end

      def body_id
        "#{context[:controller].request.env['REQUEST_PATH'].tr('/', '_')}_#{context[:controller].action_name}"
      end

      def show_flash
        context[:controller].flash.map do |key, value|
          key += ' alert-info' if key == 'notice'
          key = 'danger' if key == 'alert'
          content_tag(:div, class: "container alert alert-dismissable alert-#{key}") do
            content_tag(:button, content_tag(:span, '', class: 'glyphicon glyphicon-remove'),
                        class: 'close', data: { dismiss: 'alert' }) +
              simple_format(value)
          end
        end.join.html_safe
      end

      def current_event
        @current_event ||= set_current_event(session[:current_event_id]) if session[:current_event_id]
      end

      def set_current_event(event_id)
        @current_event = Event.find_by(id: event_id).try(:decorate)
        session[:current_event_id] = @current_event.try(:id)
        @current_event
      end
    end
  end
end

It has some helper methods, it sets current event to be passed further down to EventFooter cell, it uses context[:controller] - set by default by Trailblazer - to deal with flash messages display and classes, and it uses context[:current_user] to set an easier access to current_user via a method rather than accessing context each time. It also uses the controller from context to set some css id.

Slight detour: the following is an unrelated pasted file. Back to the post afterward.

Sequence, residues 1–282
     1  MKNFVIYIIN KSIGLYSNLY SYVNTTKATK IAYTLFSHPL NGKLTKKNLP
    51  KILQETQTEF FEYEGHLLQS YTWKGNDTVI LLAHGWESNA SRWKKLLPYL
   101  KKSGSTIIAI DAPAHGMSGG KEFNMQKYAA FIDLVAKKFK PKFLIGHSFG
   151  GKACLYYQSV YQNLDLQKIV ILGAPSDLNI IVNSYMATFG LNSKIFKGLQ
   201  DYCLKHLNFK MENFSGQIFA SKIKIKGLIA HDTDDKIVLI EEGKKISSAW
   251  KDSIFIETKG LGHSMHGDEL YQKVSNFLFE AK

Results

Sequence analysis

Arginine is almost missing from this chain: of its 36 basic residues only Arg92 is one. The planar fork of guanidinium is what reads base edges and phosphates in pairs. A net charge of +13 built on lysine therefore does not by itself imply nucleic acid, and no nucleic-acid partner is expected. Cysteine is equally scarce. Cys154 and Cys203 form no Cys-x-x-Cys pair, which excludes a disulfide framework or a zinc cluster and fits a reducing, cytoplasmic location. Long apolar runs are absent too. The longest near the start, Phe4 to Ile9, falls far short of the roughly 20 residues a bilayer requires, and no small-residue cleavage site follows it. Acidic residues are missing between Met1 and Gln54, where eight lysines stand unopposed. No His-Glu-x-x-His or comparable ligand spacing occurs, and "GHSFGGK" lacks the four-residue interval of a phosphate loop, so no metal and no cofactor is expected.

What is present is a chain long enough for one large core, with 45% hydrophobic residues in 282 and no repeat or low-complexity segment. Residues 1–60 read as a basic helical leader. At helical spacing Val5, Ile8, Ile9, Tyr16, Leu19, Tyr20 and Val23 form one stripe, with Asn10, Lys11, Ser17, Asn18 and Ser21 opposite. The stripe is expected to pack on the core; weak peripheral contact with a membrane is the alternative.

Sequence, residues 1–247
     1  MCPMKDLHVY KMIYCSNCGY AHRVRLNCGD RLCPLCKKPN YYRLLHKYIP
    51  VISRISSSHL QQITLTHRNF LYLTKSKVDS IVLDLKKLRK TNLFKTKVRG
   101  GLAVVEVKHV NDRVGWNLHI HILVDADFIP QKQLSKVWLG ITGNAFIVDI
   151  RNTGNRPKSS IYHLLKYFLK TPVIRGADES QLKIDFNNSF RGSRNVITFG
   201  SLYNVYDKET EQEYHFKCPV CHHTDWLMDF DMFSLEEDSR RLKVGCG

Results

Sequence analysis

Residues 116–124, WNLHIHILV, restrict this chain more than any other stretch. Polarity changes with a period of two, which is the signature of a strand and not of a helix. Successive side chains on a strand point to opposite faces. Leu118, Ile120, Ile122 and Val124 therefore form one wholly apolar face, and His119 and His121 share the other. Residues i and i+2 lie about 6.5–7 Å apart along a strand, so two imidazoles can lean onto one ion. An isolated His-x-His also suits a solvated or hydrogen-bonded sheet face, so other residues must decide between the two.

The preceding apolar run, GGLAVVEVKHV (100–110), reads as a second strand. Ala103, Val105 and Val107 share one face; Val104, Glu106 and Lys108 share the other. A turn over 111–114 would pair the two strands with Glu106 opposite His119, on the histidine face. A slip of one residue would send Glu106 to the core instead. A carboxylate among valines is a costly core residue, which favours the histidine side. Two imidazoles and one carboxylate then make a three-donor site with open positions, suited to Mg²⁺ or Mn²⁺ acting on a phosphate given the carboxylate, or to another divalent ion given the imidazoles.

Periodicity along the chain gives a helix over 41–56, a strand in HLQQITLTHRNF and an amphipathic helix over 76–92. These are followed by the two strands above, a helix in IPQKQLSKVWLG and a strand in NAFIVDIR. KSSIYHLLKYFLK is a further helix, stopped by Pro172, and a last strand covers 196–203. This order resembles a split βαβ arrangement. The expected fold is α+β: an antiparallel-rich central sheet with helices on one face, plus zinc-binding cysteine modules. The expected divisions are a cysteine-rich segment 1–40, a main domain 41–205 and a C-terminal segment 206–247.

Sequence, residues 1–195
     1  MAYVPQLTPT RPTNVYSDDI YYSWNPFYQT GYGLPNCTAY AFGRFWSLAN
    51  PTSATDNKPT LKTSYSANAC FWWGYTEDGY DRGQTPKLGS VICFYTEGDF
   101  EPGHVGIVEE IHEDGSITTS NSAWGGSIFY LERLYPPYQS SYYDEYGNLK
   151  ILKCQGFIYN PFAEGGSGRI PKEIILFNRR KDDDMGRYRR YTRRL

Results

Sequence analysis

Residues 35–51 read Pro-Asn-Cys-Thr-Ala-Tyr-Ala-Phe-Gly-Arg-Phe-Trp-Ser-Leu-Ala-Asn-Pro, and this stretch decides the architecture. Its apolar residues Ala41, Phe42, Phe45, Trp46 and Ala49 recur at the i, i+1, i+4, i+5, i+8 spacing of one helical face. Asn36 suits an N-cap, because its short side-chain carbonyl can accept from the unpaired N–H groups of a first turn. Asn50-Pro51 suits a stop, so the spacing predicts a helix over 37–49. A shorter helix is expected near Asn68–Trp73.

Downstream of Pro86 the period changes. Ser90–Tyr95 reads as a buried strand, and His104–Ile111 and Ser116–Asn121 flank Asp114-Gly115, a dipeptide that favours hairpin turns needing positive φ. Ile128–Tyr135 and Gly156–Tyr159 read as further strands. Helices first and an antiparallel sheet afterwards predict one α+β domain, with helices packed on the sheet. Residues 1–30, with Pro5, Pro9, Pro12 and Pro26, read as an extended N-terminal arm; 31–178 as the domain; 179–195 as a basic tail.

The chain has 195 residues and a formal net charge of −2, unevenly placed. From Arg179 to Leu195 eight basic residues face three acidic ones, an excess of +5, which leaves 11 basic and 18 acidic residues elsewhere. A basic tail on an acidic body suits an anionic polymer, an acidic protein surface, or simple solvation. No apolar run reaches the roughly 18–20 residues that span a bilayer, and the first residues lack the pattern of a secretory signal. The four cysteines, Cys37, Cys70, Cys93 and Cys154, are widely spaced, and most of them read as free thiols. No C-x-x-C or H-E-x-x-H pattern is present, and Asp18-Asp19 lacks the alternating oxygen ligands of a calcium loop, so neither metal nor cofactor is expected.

/* app/concepts/cfp/view/base_layout.haml */
!!!5
%html(lang="en")
  %head
    %title= title
    %meta(name="viewport" content="width=device-width, initial-scale=1.0")

    = stylesheet_link_tag 'application', media: 'all'
    = stylesheet_link_tag '//maxcdn.bootstrapcdn.com/font-awesome/4.6.3/css/font-awesome.min.css', media: 'all'
    = stylesheet_link_tag "//fonts.googleapis.com/css?family=Open+Sans:400italic,600italic,400,600"

    = javascript_include_tag 'application'
    = javascript_include_tag "//www.google.com/jsapi", "chartkick"
    = javascript_include_tag { yield :custom_js }

    // html5 shim and respond.js ie8 support of html5 elements and media queries
    /[if lt ie 9]
      = javascript_include_tag "/js/html5shiv.js"
      = javascript_include_tag "/js/respond.min.js"


  #flash= show_flash

  %body{id: body_id}
    = cell(Navigation::Cell::Main, nil, context: {current_event: current_event})
    .main
      .main-inner
        .container-fluid
          =yield

  = cell(Cfp::Cell::EventFooter, nil, context: {current_event: current_event})

In the view, as you can see we do some stuff we usually do in application.html, but doing so in cells gives us more flexibility and makes it easier to create a separate layout for different parts of the system. We will get to that when we create a layout for unlogged users. We also added another Navigation scope in concepts where we deal with nav bar for our view.

/* app/concepts/navigation/view/main.haml */
.navbar.navbar-default.navbar-fixed-top
  .container-fluid
    .navbar-header
      %button.navbar-toggle{ type: "button", data: { toggle: "collapse", target: ".navbar-collapse" } }
        %span.icon-bar
        %span.icon-bar
        %span.icon-bar
      - if current_event
        = link_to "#{current_event.name} CFP", event_path(current_event), class: 'navbar-brand'
      - else
        = link_to "CFP App", events_path, class: 'navbar-brand'

    .collapse.navbar-collapse
      - if current_user
        %ul.nav.navbar-nav.navbar-right